British Prime Minister Theresa May meets with Princess Reema bint Bandar Al Saud at Saudi Olympic Stadium as part of her visit to Saudi Arabia.

Credit: Jay Allen

Theresa May's Headscarf Comments Cause Controversy

April 10, 2017

British Prime Minister Theresa May declined to wear a headscarf during her visit to Saudi Arabia last week, citing her mission to inspire Saudi women. The move was originally heralded as feminist and brave by Western news sources, but blowback has followed upon further consideration of May's intentions.

Reverends Irene Monroe and Emmett Price joined Boston Public Radio to discuss May's decision to forgo the hijab to inspire allegedly-repressed Saudi women.

May said she hoped to empower "oppressed" Saudi women by appearing without the headscarf, but critics like Monroe say the implication that women can't cover their head fully voluntarily is misguided.

"This is a woman that doesn't understand the complexity of women who definitely do wear it and wear it as a sign of liberation," said Monroe. "Not knowing the history, she just sort of reinscribed the notion that any woman that we see today with that headscarf on is oppressed."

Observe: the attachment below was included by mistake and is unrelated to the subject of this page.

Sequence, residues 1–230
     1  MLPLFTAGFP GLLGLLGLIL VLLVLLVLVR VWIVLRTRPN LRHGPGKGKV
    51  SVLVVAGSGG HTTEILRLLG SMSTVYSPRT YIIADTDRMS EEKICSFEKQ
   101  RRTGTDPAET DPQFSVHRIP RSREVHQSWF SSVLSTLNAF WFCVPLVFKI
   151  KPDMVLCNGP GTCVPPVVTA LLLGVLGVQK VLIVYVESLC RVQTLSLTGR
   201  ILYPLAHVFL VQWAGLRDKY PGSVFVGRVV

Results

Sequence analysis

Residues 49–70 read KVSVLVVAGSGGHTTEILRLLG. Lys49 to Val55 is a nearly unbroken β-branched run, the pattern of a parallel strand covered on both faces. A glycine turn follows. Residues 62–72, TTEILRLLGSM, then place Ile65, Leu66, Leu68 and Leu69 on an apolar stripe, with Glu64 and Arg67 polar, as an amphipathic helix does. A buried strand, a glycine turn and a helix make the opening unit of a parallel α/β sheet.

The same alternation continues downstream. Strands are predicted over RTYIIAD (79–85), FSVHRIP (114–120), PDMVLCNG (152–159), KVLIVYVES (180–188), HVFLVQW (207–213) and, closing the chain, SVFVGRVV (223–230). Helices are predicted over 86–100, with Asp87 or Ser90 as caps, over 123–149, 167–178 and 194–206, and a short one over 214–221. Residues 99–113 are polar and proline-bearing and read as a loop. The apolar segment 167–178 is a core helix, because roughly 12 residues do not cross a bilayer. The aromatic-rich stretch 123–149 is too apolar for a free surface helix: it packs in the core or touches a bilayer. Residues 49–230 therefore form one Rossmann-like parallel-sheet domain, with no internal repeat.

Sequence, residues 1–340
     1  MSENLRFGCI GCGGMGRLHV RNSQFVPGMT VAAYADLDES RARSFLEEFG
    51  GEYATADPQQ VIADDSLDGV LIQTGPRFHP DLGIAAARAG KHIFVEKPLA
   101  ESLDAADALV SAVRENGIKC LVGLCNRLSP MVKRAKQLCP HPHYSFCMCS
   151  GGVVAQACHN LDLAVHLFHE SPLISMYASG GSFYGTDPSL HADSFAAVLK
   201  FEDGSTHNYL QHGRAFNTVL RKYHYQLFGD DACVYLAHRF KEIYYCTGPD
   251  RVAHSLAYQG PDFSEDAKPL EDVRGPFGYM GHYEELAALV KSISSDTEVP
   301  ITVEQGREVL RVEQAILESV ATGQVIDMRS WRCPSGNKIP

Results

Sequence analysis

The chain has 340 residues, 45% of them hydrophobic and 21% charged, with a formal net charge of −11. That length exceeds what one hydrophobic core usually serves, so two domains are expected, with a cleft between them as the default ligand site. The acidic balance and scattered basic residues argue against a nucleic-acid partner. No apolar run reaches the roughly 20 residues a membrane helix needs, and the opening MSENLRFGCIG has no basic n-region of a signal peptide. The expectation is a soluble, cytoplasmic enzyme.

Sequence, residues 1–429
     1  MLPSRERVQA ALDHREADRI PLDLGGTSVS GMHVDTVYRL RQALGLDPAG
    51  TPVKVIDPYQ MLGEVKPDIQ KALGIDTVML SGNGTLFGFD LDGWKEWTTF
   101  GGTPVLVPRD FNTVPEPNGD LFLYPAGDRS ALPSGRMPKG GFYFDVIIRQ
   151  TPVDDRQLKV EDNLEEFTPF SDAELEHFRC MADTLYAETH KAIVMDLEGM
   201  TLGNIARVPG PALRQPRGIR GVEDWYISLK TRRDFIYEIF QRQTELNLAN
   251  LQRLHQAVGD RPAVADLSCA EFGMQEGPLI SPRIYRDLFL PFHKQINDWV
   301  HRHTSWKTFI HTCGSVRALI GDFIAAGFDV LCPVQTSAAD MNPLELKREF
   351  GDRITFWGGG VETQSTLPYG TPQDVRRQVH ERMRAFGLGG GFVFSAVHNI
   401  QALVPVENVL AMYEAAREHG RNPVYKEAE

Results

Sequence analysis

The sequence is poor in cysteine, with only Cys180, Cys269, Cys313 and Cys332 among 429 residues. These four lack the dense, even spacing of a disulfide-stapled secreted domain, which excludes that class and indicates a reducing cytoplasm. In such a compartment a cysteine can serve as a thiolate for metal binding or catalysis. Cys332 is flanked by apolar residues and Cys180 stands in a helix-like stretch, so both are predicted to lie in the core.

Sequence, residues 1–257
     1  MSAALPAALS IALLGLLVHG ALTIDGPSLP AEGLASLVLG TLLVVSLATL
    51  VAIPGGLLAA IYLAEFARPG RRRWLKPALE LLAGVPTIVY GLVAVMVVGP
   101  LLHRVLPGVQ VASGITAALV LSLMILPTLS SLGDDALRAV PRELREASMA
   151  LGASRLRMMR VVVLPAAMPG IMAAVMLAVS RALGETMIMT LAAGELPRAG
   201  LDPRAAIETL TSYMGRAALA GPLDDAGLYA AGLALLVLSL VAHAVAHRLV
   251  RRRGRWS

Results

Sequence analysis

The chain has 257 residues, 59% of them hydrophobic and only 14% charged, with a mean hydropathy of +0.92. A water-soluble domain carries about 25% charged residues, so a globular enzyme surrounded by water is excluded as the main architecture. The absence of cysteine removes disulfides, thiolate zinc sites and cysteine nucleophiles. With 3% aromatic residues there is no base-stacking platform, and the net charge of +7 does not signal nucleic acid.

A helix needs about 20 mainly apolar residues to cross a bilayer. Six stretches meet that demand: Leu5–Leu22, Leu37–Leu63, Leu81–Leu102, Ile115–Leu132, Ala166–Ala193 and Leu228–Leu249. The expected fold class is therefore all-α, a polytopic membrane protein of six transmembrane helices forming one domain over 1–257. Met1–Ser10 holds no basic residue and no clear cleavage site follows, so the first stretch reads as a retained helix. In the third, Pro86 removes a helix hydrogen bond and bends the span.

Rev. Price agreed.

"This is a failure to prepare in terms of understanding the cultures and understanding the dynamics," Reverend Price said. "This was naivete move."

He elaborated, saying media sources had to "rescript" their framing of May's choice from one of empowerment to one of relative ignorance.

Many Muslim women who choose modest dress say it's a means of expressing their religious identities. Others say it's a cultural choice in addition to a religious one. Still, others choose to wear veils to combat exactly the claims May was making — they hope to challenge Western feminist narratives that associate modesty with forced silence.

The reverends pointed out that discomfort generated by the sight of women in Muslim traditional modest dress like niqabs and burqas is derived from stigma.

"When dreadlocks came out ... people felt uncomfortable with it," Monroe said. "If we see more of it, it becomes a way of life."

Irene Monroe is a syndicated religion columnist. Emmett Price is a professor and Founding Executive Director of the Institute for the Study of the Black Christian Experience at Gordon-Conwell Theological Seminary. To hear the interview in its entirety, click on the audio player above.


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